More than 1,200 gas workers have been locked out by National Grid after months of failed contract negotiations.
The dispute came to a head early Monday morning when workers were denied access to various National Grid facilities across the state.
Two unions representing 1,250 gas workers voted last week of authorize a strike, days before their contract expired at midnight Sunday. Negotiations continued until 6 a.m. Monday with no resolution and the company locked out the workers.
“We’re quite stunned and shocked,” Billy Hunter, who has been a gas worker for 40 years, said outside the National Grid building in Malden. “We showed up in uniforms, ready to work, to find we’re literally locked out of the facility.”
National Grid serves more than 1.9 million gas and electric customers in 85 communities in Massachusetts.
United Steel Workers Locals 12003 and 12012 said the strike authorization was in response to concerns over safety risks, the use of more contractors, cuts in wages and benefits, and changes in overtime hours. The unions argue that contractors are less experienced and more prone to accidents, such as a gas leak that occurred in Providence last year.
The unions rejected the company’s latest proposed benefit package for new hires, including pension cuts and changes to health care, as well as outsourcing to private contractors.
In 2016, a similar conflict arose when gas workers protested the company’s proposal to replace pensions with 401(k) plans for new employees. Neil Crowley, a gas worker on the bargaining committee, said reaching a compromise has been tough.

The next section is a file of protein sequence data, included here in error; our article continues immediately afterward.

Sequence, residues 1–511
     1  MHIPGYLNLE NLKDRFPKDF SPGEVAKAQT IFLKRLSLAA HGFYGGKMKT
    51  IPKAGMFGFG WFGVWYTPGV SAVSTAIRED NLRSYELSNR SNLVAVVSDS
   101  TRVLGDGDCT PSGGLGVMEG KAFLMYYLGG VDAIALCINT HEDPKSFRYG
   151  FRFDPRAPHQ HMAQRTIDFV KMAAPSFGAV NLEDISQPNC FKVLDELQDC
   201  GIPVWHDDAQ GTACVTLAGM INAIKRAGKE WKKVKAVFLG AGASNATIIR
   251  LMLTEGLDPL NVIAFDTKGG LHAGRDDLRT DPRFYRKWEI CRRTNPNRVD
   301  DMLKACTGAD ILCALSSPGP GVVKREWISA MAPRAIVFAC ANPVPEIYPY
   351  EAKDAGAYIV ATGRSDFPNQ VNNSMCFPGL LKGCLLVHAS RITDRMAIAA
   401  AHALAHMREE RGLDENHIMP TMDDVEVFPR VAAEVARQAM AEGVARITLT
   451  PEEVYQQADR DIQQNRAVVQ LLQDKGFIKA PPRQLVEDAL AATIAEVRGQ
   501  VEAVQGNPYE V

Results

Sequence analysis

“They really want to gut any benefits to the new hires who are the future of this company,” Crowley said. “They want to take away their pension, change their sick time from what we’ve bargained for decades, and contract out a lot of work. We just want a fair and equitable deal.”
National Grid said it will continue the lockout until there’s an agreement. The company is replacing locked out employees with managers and outside contractors.
“Regardless of work stoppage, we remain dedicated to reaching an agreement that is fair and equitable to all parties,” said Christine Milligan, National Grid’s principal program manager. “Our goal is to provide good jobs for our employees while still meeting our needs to operate in a 21st-century environment.”
Milligan said it is the first time the company has locked out employees. Hunter himself experienced a lockout in 1993, when he worked for Boston Gas, a forerunner of National Grid.
“I’ve been through this before, but you never get used to it,” Hunter said. “I’ve been in the negotiating process and I know how it works. And when the company locks somebody out, it’s quite different than a strike.”Jon Chesto contributed to this story. Alex Gailey can be reached at email@example.com. Follow her on Twitter @awhyteeg.